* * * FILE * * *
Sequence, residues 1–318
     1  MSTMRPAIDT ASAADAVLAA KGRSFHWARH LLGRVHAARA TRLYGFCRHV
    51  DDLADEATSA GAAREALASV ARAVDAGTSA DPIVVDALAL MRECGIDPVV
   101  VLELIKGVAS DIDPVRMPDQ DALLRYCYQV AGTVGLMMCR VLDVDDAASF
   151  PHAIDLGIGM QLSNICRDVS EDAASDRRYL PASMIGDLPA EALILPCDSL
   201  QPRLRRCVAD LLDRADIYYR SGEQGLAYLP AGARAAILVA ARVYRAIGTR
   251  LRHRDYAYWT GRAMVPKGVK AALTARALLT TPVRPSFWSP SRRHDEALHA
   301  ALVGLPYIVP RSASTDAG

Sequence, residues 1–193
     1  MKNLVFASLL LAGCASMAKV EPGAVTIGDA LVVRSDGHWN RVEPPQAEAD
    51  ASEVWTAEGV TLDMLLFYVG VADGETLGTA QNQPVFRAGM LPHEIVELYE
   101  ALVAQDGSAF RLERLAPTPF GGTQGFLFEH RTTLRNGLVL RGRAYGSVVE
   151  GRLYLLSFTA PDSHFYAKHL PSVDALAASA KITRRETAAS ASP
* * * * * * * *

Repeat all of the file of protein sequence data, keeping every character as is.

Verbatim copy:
Sequence, residues 1–318
     1  MSTMRPAIDT ASAADAVLAA KGRSFHWARH LLGRVHAARA TRLYGFCRHV
    51  DDLADEATSA GAAREALASV ARAVDAGTSA DPIVVDALAL MRECGIDPVV
   101  VLELIKGVAS DIDPVRMPDQ DALLRYCYQV AGTVGLMMCR VLDVDDAASF
   151  PHAIDLGIGM QLSNICRDVS EDAASDRRYL PASMIGDLPA EALILPCDSL
   201  QPRLRRCVAD LLDRADIYYR SGEQGLAYLP AGARAAILVA ARVYRAIGTR
   251  LRHRDYAYWT GRAMVPKGVK AALTARALLT TPVRPSFWSP SRRHDEALHA
   301  ALVGLPYIVP RSASTDAG

Sequence, residues 1–193
     1  MKNLVFASLL LAGCASMAKV EPGAVTIGDA LVVRSDGHWN RVEPPQAEAD
    51  ASEVWTAEGV TLDMLLFYVG VADGETLGTA QNQPVFRAGM LPHEIVELYE
   101  ALVAQDGSAF RLERLAPTPF GGTQGFLFEH RTTLRNGLVL RGRAYGSVVE
   151  GRLYLLSFTA PDSHFYAKHL PSVDALAASA KITRRETAAS ASP